Q: Spanglish is, at this stage, primarily a spoken phenomenon. With the book, “Pardon My Spanglish,” how difficult was it to write in constantly switching languages, and how does it read?

We wanted bilinguals to enjoy it as the real deal. All of the switching in text is based on the patterns I observed, analyzed and dissected in my recordings and observations of Spanglish over years. It’s not arbitrary. However, because it is still a primarily spoken thing, writing in this way was something new. I’ve seen it done in poetry a lot, and in some literature, of course. Most of what I’ve read, though, is highly stylized, or the treatment is superficial, adding a taste of one language or the other. What I strived for was a text, that as closely as possible reflected the way people actually switch when speaking Spanglish.

Of course there was a compromise. Number one, as a comedian, I am duty bound to go for the funny, and tweaked every thing where I could for that effect, which is its own kind of styling. Number two, because it is in fact a book, it’s never going to be as informal as a conversation. Three, we had to negotiate the right English to Spanish ratio throughout, that would be in line with the purpose and audience of the book. And if you wrote it by merely sprinkling English text with token Spanish or visa versa, it wouldn’t be a true representation, and would yield a very lame result. As it was written for the US market, we kept to an English dominant Spanglish, but that still had so much Spanish in it, that without any Spanish fluency, the book can be a challenge to appreciate. All of these things were taken into account. Also, yes, it took me a while to get the hang of it, and to learn how to sustain the written Spanglish page after page.

Q: How do gringos contribute – besides classic songs from the Texas Tornados – to the proliferation of Spanglish?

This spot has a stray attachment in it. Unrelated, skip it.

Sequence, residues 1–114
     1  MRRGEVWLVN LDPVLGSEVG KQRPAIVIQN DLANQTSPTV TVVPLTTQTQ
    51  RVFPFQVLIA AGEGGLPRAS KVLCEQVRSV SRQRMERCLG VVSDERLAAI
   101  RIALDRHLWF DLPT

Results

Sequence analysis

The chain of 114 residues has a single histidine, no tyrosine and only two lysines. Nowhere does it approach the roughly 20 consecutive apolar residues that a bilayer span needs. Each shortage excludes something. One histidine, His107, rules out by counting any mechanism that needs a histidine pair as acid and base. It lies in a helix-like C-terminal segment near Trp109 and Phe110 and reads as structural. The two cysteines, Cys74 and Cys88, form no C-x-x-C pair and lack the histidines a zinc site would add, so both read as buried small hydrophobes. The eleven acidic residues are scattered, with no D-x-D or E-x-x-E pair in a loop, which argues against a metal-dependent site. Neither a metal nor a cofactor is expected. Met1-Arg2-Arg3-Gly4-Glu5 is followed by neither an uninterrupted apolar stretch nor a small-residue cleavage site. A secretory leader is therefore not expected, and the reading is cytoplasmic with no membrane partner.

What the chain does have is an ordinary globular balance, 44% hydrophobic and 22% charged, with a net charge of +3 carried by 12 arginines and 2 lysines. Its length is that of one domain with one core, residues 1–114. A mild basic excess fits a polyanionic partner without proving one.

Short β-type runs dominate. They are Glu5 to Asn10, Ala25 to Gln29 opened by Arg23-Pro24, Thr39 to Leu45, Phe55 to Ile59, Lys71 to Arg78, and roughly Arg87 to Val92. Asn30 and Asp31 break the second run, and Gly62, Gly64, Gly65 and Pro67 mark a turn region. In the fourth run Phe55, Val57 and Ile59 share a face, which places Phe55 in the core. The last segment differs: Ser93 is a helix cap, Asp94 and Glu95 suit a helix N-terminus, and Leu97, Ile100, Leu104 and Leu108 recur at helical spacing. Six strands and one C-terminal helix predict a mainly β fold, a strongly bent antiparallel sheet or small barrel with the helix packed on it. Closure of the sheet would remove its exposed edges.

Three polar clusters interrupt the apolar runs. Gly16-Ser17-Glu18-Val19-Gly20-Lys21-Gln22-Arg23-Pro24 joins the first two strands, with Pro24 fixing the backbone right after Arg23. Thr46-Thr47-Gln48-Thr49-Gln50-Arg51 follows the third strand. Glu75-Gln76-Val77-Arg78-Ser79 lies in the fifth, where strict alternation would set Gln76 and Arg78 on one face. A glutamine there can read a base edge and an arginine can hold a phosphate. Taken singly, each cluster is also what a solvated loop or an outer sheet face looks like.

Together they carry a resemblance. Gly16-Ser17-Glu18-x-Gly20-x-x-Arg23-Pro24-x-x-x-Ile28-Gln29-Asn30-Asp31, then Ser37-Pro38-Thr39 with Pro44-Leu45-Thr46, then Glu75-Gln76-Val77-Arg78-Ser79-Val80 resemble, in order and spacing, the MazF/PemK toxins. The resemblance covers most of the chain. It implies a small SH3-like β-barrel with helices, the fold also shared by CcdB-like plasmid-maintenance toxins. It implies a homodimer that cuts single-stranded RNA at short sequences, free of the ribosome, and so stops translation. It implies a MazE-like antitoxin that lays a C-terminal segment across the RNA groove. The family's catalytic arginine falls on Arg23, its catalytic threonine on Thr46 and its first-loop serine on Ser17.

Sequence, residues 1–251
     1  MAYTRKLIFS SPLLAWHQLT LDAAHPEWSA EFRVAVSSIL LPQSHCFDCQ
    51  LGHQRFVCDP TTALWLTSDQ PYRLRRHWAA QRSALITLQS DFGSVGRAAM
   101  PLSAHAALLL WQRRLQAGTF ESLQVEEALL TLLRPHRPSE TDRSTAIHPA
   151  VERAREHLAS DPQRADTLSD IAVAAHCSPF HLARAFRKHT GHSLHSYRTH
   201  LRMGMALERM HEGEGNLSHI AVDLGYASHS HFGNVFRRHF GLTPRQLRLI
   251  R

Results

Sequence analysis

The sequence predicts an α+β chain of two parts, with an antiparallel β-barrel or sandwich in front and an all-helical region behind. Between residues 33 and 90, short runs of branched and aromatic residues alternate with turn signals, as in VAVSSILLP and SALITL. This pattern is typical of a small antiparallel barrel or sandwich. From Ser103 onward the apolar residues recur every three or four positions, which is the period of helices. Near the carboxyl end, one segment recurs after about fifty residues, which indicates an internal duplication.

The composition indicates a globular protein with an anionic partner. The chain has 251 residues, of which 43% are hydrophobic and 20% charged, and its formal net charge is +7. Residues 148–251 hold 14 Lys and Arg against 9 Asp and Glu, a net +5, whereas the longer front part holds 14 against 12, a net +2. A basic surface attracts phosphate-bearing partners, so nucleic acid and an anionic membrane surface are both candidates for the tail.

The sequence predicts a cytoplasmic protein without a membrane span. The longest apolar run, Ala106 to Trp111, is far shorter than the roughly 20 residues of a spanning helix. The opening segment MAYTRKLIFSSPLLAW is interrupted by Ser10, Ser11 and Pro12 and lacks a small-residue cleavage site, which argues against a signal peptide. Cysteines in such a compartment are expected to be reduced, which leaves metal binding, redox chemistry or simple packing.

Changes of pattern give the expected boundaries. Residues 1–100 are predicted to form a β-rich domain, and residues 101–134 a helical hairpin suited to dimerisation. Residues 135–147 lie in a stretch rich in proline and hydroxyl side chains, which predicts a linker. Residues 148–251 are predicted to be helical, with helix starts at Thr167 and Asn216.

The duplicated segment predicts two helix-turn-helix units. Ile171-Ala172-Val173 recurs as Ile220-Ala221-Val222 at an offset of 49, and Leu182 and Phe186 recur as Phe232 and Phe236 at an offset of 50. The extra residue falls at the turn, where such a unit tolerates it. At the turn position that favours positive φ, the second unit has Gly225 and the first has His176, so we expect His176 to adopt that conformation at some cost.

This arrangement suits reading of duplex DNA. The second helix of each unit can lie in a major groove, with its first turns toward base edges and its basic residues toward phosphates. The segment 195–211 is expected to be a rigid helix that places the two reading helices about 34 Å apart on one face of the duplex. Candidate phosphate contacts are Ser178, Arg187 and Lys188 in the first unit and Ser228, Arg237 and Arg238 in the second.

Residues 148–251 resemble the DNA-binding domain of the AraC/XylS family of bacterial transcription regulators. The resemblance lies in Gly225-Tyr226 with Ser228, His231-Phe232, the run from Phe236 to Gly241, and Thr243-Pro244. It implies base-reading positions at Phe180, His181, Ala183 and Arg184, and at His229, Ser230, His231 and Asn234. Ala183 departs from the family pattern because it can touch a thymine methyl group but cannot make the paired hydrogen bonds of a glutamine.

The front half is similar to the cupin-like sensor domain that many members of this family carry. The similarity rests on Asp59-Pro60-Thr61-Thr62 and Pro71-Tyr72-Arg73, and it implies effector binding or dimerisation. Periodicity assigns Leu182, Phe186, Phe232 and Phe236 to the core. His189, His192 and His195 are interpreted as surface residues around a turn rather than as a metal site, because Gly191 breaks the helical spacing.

I saw a very good example of this on a blog. A young woman was taking Spanish classes in Guatemala, a total immersion, live with a Guatemalan family type-deal. She posted the following: “Tonight after Spanish class we went out bailamosing to salsa tunes.” That right there is an example of Spanglish I could never have come up with, because it’s clearly from a non-Latin angle. Look at what she did to that word, how she came up with that terrific new creation – ‘bailamosing.’ She obviously took the verb bailar in its most familiar conjugation, bailamos, which was probably lodged in her head after hearing it a million times in that Enrique Iglesias song, and added an English gerund suffix to it, tagging it up with “ing.” It made sense to me. She went bailamosing! So yes, the gringos are doing their part, and it all adds up to quite a phenomenon with input from both sides of the lingual frontera.

Q: In the movie “Selena” the late Tejana queen tells Mexican journalists in her unsure Spanish, “Me siento muy…me siento muy…excited!” What do you say to detractors that deem Spanglish as nothing less than a linguistic safety net for the more español challenged pochos of our sociedad?